What is Cold Water Tail in Dogs?
Since a lot of dog body language is expressed through their tail wagging, it can be concerning to see it suddenly go limp. However, this can be a common problem during the colder months as your dog runs the risk of developing cold water tail. Here, we discuss exactly what cold water tails is and how to prevent it.
Limber Tail Syndrome in Dogs
Acute caudal myopathy (also referred to as limber tail syndrome, cold water tail or swimmers tail), is a temporary condition that causes your dog’s tail to fall limp between their legs, even while they’re moving. Other signs of limber tail syndrome include:
- Discomfort or pain at the base of the tail
- Your dog refusing to sit
- Swelling at the base of the tail
- Raised hair at the base of the tail
Limber tail syndrome is caused when the blood supply to your dog’s tail muscles is restricted, much like how a person might lose feeling in a limb. This often occurs after your dog has been exposed to cold, wet weather, has overexerted themselves, typically by swimming, or has been confined to a crate for too long.
While cold water tail can affect any dog of any age, it seems particularly common in larger working dogs, such as:
- Golden Retrievers
- English Setters
- English Pointers
Just because your dog is not one of the above-mentioned breeds does not mean they cannot develop cold water tail. If your dog is struggling to lift or move their tail, you should contact your vet as soon as possible for a professional diagnosis, as there are other conditions that may be at fault, such as:
- An injury or fracture to the tail
- Intervertebral disc disease
- Tail fracture
- Tail cancer
- Impacted anal glands
Is Limber Tail Syndrome Painful?
While limber tail syndrome is not dangerous or a long-term condition for your dog, it is still a painful experience. They may struggle to lift or move their tail at all, which can also be distressing for your dog emotionally, leading to them biting at their tail, being more lethargic, or even whimpering.
Cold Water Tail Treatment
You should always have a dog who can’t move their tail examined by a vet. Not only will they be able to give you the best advice on treating the issue, but they will also be able to determine if there has been any bone damage. Bear in mind that a dog’s tail is directly connected to their spine.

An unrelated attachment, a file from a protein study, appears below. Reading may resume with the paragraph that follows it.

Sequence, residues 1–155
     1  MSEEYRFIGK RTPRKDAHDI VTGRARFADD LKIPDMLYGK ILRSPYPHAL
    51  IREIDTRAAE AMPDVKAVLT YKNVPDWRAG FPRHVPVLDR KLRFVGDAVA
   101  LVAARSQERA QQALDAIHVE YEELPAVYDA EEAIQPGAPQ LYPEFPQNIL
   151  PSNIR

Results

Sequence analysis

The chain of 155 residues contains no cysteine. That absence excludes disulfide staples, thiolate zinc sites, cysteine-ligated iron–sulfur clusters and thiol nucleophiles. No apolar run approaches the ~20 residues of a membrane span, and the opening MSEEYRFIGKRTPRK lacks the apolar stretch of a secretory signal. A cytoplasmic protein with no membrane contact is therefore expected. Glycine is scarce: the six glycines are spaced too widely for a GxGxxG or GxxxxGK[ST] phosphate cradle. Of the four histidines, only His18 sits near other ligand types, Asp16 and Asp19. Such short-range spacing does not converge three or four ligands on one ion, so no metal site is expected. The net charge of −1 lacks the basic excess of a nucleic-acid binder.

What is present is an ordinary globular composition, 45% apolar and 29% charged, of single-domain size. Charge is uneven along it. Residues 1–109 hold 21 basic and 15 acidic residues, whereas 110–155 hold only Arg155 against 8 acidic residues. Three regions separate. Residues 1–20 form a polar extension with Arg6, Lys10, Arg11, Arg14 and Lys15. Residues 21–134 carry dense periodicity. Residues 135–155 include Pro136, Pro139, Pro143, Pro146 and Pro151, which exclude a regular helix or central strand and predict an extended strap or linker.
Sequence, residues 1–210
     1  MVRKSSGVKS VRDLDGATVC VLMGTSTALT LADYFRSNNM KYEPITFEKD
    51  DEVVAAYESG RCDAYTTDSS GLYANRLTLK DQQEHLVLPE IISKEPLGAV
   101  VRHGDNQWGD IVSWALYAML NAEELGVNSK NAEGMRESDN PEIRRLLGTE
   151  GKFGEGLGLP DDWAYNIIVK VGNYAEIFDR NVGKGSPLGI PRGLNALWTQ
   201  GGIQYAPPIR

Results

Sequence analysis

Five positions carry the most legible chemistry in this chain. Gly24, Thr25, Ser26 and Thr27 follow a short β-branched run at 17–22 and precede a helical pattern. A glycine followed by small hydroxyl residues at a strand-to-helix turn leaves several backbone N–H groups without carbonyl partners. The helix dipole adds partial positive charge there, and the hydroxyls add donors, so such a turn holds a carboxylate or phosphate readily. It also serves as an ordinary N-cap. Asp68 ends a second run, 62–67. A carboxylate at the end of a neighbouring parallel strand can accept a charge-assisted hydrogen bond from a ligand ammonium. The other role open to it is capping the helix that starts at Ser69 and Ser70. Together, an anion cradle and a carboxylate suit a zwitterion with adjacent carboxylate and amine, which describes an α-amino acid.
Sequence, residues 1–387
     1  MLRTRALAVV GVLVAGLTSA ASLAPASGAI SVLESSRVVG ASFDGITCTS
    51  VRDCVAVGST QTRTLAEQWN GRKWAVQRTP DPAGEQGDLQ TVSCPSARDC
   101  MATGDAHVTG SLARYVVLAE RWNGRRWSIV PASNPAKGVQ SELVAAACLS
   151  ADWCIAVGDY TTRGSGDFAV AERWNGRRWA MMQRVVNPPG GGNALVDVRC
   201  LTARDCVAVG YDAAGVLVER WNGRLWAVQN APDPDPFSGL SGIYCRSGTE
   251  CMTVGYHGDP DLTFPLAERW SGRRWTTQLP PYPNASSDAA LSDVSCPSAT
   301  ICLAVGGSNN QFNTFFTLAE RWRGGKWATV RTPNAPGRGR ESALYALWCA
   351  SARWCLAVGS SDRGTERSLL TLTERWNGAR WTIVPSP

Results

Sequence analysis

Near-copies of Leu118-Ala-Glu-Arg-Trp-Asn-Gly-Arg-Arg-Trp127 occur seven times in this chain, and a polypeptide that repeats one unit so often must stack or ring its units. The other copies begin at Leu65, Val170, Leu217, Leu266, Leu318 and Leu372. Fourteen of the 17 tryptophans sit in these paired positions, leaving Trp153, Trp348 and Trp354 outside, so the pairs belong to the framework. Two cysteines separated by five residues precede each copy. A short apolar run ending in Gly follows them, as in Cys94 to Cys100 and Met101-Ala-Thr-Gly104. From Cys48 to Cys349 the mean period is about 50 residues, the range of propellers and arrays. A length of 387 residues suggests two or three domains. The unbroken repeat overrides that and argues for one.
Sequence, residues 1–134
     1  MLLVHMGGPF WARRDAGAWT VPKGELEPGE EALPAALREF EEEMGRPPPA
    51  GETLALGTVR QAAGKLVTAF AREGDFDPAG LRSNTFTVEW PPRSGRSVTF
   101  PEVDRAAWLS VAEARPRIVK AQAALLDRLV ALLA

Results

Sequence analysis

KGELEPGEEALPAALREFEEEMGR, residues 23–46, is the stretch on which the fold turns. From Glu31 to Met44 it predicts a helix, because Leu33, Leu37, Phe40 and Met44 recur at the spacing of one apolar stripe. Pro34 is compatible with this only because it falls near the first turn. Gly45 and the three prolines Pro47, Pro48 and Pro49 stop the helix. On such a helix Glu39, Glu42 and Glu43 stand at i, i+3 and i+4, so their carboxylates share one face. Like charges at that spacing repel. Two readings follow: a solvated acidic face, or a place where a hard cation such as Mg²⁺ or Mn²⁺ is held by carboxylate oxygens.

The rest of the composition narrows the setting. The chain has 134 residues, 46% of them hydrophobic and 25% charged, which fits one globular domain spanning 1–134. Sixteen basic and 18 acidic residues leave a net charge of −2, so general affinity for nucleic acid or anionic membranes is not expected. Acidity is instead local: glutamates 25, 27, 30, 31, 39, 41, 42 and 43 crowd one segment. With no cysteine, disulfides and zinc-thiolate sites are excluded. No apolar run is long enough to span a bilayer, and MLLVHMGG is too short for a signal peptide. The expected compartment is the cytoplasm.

Some of the treatments for limber tail syndrome your vet will recommend include:
- Anti-inflammatory medications, which your vet will prescribe if necessary.
- Heat packs placed at the base of your dog’s tail can help aid recovery as they do when a person has a muscle injury.
- Rest is the best treatment for limber tail syndrome in dogs as it gives the muscles time to heal without the risk of reinjury, Switch to gentle walks during their healing period
Most of the time, cold water tail doesn’t last for more than a few days or perhaps a week. And just because your dog has suffered limber tail once does not necessarily mean they will again. The most important thing for you to do now is to ensure your dog is comfortable and resting so they can go back to doing the things they love.
How to Prevent Swimmers Tail in Dogs
Swimmer tails can become a recurrence in some dogs, especially if they’re prone to swimming in cold conditions or become over-excited or exerted frequently. To help prevent cold water tail in your dog, make sure to:
- Build up your dog's stamina at a steady pace
- Set limits when exercising your dog to prevent over-exertion (especially in working breeds)
- Allow your dog breaks to stretch and exercise if they’re kept in a crate.
- Keep your pet’s bedding dry, especially during colder weather.
We hope this guide has given you some insight into cold water tails and what it means for your dog should they develop this condition. If you’re looking for ways to ease your dog back into exercise after an injury, then why not check out our range of dog-walking accessories?
This post is an opinion and should only be used as a guide. You should discuss any change to your pet’s care or lifestyle thoroughly with your vet before starting any program or treatment.